The latest marketing buzz word

Fashion models on the runway
Photo by Armen Aydinyan on Unsplash

The food industry is doubling down on vegan, the automotive industry on electric, and the fashion industry on sustainable.

Ironically, the latest trend in fashion is not on the runway. Instead, it’s on words. Terms such as sustainable, carbon-neutral, and eco-friendly have stolen center stage from models, designers, and stylists.

Despite the enormous PR efforts to convey the industry’s progress, can the fashion industry really be sustainable?


Before we get into the details, it’s important to highlight the ambiguity of the terms.

While terms such as sugar-free, organic, or free-range are regulated in the US by the FDA (Food and…

Brand-focused vs. content-focused advertising

“I never read The Economst” quote by Management Trainee, Aged 42
Image by The Economist

Not too long ago, we only had local newspapers, TV, and radio as media outlets. Today, with the rise of the internet, we’ve experienced a plethora of options ranging from online blogs to streaming services. Yet our free-time to consume all of these offerings hasn’t changed.

To put it into perspective, back in 2015, a Washington Post article estimated it would take 305.5 billion pages to print the Internet. It’s safe to say that number has done nothing but rise since.

While an increasing number of media outlets flooded the market, business magazines largely remained stagnant. Unlike the tech sector…

Photo by Alexander Schimmeck on Unsplash

To most of us, money is an uncomfortable topic to discuss. We’d much rather talk about sports, politics, or travel, but it’s an indispensable part of our livelihoods.

On that note, let’s discuss pricing — a topic many businesses aren’t entirely satisfied with. Whether it’s a freelancer or a large enterprise, many feel as though they’ve either left some money on the table or lost some customers in the process.

Truthfully, there’s a very fine line between charging too little, thus missing out on profits, and charging too much, thus missing out on sales.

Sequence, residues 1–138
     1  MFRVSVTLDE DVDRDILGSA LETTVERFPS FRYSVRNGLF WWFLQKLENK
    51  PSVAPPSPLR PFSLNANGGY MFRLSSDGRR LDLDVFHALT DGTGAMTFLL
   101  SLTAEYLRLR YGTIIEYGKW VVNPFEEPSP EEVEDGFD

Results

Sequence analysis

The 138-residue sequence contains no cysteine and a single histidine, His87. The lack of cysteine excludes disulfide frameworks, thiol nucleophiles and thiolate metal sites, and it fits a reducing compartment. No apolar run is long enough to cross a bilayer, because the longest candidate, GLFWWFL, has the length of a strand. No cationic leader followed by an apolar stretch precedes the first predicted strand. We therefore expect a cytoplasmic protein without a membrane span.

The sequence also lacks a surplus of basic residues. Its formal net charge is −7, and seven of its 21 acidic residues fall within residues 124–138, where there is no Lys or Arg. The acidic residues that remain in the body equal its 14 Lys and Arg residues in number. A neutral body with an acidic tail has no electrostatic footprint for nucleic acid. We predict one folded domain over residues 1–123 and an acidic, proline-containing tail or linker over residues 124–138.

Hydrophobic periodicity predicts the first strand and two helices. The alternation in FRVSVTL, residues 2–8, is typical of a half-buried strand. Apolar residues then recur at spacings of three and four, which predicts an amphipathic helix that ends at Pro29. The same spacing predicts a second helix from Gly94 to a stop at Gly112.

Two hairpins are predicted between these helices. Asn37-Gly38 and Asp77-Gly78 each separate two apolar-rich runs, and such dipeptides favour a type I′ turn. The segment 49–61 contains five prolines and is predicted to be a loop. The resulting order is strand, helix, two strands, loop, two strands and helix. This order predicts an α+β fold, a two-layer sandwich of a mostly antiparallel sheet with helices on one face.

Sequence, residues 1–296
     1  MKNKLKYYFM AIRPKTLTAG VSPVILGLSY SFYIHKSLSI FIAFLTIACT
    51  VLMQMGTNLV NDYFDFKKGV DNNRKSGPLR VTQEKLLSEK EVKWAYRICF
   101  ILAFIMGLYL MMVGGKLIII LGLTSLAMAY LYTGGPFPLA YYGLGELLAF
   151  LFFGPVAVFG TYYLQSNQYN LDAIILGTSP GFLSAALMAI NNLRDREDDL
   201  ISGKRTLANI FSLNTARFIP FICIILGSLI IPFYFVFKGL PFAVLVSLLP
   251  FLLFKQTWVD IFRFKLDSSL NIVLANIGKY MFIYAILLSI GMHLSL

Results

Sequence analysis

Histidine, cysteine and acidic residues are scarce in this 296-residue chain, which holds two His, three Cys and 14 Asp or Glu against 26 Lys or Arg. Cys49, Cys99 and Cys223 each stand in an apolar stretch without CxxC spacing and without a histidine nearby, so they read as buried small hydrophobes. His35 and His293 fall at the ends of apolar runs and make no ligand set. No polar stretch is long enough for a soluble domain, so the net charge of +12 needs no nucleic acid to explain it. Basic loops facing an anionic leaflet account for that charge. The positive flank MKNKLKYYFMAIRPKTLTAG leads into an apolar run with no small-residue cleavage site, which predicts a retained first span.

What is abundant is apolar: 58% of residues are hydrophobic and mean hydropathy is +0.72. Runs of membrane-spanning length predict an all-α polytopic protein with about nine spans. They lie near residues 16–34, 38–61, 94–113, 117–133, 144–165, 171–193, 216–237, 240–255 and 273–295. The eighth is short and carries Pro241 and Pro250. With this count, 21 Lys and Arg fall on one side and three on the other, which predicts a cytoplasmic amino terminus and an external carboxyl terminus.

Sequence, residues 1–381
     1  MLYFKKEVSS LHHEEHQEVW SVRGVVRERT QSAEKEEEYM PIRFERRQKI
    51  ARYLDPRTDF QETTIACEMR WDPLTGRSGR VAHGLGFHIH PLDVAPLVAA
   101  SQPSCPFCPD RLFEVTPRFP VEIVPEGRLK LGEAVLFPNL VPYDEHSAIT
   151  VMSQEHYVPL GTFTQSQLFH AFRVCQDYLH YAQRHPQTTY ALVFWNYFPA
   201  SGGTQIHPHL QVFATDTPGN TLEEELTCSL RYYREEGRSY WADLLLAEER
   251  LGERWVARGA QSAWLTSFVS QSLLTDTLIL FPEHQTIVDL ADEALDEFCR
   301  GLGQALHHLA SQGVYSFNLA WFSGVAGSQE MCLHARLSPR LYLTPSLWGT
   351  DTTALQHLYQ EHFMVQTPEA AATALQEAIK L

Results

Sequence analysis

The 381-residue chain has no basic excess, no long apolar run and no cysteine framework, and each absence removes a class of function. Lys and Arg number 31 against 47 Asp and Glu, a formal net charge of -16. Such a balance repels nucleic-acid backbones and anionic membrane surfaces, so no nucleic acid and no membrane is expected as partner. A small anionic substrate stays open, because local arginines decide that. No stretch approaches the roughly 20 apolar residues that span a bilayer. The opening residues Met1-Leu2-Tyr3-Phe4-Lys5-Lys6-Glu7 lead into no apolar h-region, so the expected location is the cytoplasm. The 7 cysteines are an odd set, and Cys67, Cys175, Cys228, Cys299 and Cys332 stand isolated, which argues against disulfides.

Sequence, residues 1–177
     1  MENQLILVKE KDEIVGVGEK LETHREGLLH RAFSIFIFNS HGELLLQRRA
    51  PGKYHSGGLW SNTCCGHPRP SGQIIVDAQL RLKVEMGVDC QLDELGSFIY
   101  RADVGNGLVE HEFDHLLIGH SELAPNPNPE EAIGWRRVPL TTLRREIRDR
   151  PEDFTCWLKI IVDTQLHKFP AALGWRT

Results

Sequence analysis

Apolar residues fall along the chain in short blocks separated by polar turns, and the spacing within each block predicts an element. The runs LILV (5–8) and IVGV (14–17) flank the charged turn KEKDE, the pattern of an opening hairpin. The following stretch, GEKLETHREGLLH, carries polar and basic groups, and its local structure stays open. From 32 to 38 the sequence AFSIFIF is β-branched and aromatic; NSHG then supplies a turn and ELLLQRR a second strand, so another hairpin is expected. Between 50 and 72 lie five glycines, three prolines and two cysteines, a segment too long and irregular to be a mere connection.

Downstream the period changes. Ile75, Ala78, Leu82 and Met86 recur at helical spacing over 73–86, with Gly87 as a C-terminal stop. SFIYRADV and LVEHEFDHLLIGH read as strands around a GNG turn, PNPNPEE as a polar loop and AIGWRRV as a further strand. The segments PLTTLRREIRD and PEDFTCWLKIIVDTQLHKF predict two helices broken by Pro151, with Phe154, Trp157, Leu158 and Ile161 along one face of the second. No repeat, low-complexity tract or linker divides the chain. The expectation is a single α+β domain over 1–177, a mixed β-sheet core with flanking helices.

In light of this difficult balancing…

Lessons from the Swedish fast fashion giant

H&M store in London. Image by H&M Media

Fashion and affordability don’t often go hand in hand. Yet H&M seems to have deciphered the riddle of combining cheap prices with the latest runway trends.

Through a mixture of creative marketing, fast production, and a short product life cycle, H&M has grown into one of the most recognizable brands in the world.

So how did they go about creating a sustainable business model? How did they become so recognizable? And perhaps most importantly, what are the secrets behind H&M’s success?

The Beginnings

Understanding the success of a sixth-generation business

Hermès store in Warsaw, Poland.
Hermès store in Warsaw, Poland. Image by Przemysław Nieciecki

While mainstream luxury fashion brands like Gucci, Louis Vuitton, and Versace are often seen as flashy, Hermès stands out for being a family-run business deeply rooted in a tradition of craftsmanship.

With products ranging from fragrances to saddlery, the brand is best known for its industry-leading leather goods.

Logically, keeping products relatively scarce makes for a higher selling price. Yet most brands can’t get customers to pay those higher prices. So how does Hermès do it?

The Beginnings

Kenji Explains